So many people we know identify the fall as their favorite time of year in the northwest. Cool but comfortable temperatures, often sunny days and bright intense colors as the leaves turn. It's a great time of year for taking pictures too.
Why the color change? During the spring and summer, leaves serve as factories producing the food needed for plant growth. Leaf cells contain chlorophyll which absorbs energy from sunlight used in transforming carbon dioxide and water into carbohydrates. Chlorophyll contains pigments with a variety of colors including green, orange and yellow. Green is dominant most of the year but as the days shorten and temperatures cool, chlorophyll begins to break down and the other colors come to the fore. Other chemical changes cause the development of red anthocyanin pigments adding to the color palette.
Dry weather and cool (not freezing) temperatures are best. It's a great year so far.
Along the trails up in the mountains, we also are seeing quite a few low growing bushes and plant leaves with some really intense colors.
These trail pictures are on the way up from Eleanor Lake to Grand Park. The leaves on huckleberry bushes are among the brightest red we saw here.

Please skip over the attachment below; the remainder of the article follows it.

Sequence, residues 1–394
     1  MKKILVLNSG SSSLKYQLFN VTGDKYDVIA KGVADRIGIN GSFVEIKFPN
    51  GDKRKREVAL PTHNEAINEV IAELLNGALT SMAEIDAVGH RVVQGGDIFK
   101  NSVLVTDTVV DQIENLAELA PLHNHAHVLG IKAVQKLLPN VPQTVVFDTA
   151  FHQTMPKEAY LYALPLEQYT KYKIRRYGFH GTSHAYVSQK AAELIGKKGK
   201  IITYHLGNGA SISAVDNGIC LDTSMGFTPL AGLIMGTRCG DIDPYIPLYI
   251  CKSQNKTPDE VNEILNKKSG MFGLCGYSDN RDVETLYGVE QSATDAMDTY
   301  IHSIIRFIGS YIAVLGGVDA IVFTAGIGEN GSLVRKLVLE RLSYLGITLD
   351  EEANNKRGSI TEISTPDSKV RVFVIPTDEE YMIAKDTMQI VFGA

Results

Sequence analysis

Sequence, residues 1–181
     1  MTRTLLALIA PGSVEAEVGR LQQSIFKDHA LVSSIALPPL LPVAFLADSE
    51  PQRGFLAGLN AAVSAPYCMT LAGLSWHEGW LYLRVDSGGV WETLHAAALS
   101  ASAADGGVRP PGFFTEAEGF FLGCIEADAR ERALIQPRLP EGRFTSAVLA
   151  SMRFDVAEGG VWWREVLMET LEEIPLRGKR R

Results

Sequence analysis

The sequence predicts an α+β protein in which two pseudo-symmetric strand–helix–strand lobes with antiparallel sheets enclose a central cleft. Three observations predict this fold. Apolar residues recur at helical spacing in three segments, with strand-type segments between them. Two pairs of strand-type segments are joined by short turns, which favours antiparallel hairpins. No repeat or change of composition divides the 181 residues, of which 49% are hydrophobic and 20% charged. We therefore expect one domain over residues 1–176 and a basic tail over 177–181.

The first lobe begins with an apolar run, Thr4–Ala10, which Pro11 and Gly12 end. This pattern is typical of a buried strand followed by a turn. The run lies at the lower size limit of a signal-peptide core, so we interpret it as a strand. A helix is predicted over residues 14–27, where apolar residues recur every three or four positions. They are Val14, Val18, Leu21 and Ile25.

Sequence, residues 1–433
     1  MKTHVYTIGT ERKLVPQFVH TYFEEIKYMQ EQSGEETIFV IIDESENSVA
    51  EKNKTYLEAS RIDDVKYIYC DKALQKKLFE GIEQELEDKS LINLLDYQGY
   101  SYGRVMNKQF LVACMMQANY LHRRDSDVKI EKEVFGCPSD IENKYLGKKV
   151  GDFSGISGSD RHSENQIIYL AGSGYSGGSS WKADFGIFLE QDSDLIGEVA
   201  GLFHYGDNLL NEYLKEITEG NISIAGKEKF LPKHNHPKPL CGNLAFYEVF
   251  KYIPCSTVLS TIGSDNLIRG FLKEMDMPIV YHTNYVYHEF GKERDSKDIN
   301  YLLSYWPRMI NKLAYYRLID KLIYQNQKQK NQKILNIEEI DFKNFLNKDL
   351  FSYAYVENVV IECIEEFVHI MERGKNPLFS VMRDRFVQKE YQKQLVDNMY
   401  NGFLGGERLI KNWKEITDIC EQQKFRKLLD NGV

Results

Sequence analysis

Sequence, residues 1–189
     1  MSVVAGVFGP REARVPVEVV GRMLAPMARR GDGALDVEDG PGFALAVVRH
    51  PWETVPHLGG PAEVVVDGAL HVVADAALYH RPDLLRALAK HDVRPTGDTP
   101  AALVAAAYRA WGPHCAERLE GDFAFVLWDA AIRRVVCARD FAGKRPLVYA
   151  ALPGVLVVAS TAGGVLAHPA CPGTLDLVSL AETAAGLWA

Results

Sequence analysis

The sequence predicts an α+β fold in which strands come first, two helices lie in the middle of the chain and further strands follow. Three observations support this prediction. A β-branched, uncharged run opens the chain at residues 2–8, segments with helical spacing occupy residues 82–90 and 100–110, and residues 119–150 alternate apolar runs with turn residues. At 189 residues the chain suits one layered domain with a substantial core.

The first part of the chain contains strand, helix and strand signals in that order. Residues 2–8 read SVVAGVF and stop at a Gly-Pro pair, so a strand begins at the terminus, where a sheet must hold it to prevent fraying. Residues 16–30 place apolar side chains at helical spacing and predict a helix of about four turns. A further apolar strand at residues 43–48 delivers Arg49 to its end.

And no surprise for photographers, colors are the most intense during the first couple hours after sunrise and before sunset. The angle of the sun brightens without blowing out the colors.
Almost predictably, we find color wherever a trail goes through an area of a previous rockslide or washout. The trees that grow here are generally deciduous, including the "pioneer tree" Red Alder.
Where to go right now? Most anywhere in Mount Rainier National Park is great right now and along the Chinook Pass highway. The very best I've seen so far - Hwy 23 between Randle and Trout Lake. The Trout Lake side is absolutely amazing. One word of caution, however, about Hwy 23. It's 60+ miles of logging road including about 40 miles "bumpy paved" and the rest gravel. The good news - the road is recently graded. Great views of Mt. Adams too.